Changes to ‘Address for Service’ rules in the UK
From 1 January 2021, new UK intellectual property applications and oppositions will need a UK address for service.
The Hague system is a cost-effective and efficient way to register designs. It allows a designer or company to register up to 100 designs in up to 68 countries and intergovernmental organisations by filing a single application.
Previously a UK designer or applicant could only use the Hague system through the UK’s membership of the EU (which is a party to the Agreement).
With Brexit looming, there has been huge uncertainty as to whether UK applicants would be able to continue to use the Hague system after the UK leaves the EU, as there has been no agreement on whether the UK will remain a participant in the EU Registered Design system post-Brexit.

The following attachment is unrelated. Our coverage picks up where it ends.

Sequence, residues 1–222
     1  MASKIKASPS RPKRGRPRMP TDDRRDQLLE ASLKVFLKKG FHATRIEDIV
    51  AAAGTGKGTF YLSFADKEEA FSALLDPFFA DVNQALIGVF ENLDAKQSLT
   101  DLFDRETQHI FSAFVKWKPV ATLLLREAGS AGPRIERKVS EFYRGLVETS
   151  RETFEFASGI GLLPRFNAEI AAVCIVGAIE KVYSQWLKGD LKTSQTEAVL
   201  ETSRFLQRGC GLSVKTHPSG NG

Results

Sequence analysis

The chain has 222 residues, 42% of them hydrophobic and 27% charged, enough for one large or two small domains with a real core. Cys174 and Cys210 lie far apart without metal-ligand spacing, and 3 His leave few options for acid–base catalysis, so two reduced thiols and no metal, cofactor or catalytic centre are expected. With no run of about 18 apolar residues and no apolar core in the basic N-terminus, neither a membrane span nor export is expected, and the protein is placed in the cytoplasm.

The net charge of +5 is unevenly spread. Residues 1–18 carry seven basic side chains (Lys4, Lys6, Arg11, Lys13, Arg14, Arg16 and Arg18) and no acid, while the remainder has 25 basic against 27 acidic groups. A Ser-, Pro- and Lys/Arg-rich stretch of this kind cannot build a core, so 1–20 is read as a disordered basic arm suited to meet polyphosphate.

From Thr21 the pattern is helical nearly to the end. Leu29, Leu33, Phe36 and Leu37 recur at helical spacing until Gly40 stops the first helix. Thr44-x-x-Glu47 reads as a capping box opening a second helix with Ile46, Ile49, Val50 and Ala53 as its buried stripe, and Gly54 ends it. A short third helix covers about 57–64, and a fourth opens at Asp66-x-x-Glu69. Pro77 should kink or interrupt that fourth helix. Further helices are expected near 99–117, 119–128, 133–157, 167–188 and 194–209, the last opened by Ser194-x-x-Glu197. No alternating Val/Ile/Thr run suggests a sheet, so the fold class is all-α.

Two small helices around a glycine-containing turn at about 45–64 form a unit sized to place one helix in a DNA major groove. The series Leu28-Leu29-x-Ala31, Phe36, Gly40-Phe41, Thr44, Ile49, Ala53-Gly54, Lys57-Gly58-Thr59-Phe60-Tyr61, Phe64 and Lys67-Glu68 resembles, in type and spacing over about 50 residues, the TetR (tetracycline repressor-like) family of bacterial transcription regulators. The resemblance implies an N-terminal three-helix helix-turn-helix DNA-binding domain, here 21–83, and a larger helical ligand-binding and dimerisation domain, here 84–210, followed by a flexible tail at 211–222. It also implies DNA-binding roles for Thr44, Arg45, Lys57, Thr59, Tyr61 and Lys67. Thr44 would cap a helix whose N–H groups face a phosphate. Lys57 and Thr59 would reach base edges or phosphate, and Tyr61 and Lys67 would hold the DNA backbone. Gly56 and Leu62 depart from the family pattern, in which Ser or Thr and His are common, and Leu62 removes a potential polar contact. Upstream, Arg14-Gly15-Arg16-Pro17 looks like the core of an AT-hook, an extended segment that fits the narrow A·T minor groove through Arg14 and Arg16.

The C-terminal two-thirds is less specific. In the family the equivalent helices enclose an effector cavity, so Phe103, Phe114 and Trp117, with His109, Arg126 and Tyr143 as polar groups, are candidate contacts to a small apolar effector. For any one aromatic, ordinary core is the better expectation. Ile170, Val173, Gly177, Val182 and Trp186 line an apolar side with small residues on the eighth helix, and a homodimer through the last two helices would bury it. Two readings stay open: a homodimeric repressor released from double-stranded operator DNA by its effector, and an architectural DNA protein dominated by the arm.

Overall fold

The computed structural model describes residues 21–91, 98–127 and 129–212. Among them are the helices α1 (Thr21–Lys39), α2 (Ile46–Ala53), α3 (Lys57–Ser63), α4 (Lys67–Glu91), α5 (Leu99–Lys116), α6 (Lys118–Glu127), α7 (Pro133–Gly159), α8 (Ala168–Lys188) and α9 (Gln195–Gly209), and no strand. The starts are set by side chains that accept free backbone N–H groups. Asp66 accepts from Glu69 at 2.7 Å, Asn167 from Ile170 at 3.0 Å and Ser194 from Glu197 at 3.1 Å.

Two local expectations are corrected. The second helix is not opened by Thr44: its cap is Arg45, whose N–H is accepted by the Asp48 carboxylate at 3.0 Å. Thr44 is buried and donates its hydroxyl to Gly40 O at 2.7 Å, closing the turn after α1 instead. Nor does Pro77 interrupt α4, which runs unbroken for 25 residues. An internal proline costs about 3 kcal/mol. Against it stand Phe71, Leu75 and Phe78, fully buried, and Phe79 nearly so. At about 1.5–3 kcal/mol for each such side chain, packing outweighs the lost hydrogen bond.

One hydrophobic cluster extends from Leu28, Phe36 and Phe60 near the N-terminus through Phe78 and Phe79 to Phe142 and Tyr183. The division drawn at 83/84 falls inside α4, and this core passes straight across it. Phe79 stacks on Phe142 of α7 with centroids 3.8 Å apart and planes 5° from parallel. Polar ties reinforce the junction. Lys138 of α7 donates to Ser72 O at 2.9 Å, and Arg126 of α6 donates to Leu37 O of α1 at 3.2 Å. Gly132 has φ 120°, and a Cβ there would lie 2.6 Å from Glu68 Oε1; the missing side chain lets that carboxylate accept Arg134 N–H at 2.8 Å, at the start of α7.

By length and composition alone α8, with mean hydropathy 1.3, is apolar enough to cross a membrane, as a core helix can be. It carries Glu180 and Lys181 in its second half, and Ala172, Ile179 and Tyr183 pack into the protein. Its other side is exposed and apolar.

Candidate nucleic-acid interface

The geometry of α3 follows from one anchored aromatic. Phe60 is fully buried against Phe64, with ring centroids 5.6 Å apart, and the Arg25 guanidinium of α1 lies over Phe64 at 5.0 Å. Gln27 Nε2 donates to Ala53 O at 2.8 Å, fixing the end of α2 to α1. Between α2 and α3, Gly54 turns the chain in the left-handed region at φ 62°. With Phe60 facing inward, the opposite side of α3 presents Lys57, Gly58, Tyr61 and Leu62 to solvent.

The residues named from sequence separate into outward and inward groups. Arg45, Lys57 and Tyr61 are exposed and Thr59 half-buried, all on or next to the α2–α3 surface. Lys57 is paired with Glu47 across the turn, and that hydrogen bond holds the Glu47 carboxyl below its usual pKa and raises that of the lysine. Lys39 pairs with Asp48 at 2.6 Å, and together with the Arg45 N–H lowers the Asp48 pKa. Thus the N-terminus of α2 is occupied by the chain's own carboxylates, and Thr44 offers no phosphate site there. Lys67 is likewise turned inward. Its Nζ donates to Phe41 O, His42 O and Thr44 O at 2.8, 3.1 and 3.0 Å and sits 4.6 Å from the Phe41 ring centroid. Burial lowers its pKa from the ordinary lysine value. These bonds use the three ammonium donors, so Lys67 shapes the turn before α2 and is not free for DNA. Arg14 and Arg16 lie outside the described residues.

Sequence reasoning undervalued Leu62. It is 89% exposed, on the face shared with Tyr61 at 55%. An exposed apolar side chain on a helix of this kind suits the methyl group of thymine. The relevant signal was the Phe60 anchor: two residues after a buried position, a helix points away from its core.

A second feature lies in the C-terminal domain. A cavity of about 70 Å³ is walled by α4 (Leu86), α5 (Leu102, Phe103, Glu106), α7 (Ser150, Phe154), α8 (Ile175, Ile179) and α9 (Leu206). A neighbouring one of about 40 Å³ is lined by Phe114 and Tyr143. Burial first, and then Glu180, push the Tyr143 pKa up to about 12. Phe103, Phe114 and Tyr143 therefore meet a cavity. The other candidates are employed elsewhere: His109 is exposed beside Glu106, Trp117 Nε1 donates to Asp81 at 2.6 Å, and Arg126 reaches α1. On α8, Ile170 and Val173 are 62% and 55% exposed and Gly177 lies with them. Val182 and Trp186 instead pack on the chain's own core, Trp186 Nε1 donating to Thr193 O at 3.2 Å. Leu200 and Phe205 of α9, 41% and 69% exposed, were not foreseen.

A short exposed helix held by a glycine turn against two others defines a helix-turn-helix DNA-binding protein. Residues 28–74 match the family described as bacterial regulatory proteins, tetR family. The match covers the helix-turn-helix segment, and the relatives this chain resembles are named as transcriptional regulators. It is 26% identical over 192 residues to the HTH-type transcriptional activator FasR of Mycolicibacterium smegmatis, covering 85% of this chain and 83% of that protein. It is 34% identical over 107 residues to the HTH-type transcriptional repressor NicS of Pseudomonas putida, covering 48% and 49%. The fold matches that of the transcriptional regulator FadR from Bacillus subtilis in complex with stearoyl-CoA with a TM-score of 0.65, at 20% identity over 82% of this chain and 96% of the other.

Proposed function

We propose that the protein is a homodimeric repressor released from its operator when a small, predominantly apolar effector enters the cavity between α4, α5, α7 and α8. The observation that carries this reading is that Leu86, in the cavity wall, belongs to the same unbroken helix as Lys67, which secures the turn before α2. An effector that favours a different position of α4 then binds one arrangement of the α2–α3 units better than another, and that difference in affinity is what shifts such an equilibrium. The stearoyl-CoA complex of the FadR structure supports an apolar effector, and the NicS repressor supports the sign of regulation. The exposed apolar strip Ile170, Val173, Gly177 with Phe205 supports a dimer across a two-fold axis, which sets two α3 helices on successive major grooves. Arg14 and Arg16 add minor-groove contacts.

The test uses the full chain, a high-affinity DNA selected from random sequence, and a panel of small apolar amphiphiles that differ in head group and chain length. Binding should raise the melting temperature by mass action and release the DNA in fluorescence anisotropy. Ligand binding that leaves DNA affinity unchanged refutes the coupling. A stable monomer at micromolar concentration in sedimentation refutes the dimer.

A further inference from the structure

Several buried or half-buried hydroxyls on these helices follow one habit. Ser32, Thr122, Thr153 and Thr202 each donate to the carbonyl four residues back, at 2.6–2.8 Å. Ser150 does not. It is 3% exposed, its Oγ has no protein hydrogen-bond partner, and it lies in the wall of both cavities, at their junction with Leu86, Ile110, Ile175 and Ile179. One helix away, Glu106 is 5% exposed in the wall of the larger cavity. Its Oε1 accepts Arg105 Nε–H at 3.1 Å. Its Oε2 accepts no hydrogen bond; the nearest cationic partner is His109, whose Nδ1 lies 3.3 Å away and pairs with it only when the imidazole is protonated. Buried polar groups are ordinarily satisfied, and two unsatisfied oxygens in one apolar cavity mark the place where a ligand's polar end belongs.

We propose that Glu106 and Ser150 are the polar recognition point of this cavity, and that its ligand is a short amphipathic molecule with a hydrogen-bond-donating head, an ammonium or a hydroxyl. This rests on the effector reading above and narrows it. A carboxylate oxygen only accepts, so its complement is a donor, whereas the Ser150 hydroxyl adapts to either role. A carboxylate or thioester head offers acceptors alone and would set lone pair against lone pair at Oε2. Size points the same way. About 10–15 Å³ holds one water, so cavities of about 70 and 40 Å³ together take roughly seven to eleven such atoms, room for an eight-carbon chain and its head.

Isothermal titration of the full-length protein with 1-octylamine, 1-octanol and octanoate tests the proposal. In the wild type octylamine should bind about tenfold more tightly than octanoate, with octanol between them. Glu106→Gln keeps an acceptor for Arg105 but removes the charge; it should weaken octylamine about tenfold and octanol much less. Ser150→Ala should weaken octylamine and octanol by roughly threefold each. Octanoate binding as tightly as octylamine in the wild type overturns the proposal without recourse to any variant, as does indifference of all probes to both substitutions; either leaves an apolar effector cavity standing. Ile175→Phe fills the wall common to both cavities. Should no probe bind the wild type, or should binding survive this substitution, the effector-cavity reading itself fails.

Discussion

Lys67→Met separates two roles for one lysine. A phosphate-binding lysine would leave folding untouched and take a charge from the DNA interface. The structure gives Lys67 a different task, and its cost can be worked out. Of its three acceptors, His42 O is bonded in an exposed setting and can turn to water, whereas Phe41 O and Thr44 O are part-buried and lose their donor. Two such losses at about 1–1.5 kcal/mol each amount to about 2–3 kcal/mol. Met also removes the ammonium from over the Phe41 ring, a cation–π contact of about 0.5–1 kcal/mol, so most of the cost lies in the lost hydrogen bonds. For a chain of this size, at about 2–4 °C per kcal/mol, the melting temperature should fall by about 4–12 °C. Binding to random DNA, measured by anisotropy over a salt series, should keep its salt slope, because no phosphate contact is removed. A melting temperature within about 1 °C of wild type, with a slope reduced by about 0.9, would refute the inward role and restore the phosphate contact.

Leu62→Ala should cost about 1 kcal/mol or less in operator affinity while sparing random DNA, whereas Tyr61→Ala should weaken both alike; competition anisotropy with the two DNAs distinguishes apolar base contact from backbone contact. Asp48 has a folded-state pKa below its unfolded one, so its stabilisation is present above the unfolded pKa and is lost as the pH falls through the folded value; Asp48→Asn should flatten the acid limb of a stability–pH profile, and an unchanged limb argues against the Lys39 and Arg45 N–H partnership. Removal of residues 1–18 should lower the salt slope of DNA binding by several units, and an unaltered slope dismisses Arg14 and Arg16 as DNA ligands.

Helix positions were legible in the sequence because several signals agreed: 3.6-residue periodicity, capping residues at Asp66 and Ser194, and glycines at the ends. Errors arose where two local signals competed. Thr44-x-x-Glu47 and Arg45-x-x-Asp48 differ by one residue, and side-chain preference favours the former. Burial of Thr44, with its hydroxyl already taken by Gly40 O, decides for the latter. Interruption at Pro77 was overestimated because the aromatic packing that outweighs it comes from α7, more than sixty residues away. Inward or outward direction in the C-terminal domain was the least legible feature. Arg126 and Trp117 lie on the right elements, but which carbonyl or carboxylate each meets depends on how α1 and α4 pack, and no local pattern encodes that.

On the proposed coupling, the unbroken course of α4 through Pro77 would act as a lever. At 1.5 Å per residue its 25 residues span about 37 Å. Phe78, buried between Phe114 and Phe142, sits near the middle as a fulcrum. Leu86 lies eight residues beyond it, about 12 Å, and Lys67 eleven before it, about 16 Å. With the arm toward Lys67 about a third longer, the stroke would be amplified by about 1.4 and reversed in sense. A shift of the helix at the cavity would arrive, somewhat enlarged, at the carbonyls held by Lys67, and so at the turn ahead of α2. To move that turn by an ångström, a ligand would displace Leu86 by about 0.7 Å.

With the UK’s separate ratification of the Hague Agreement, from 13 June 2018 UK applicants can obtain a UK registered design right directly via the Hague system. So, whether or not the UK remains part of the EU Registered Design system following Brexit, it will still be possible for UK applicants to use the Hague system and for all applicants to obtain protection in the UK and abroad via the Hague system.
The Hague system’s main draw is that it significantly cuts down costs by avoiding or reducing the need to use local representatives in foreign countries (though for some countries, it may still be mandatory or recommended, even when using the Hague system).
With the Hague system, your Wilson Gunn attorney can file a Hague design, covering many countries and regions, including the EU, USA and Japan, and take the application forward to registration in a unified process.
With more and more countries joining the Hague system (Russia recently joined, and China, Canada and others are in the process of joining) we recommend that our UK clients use the Hague system whenever possible.
For more information please contact us.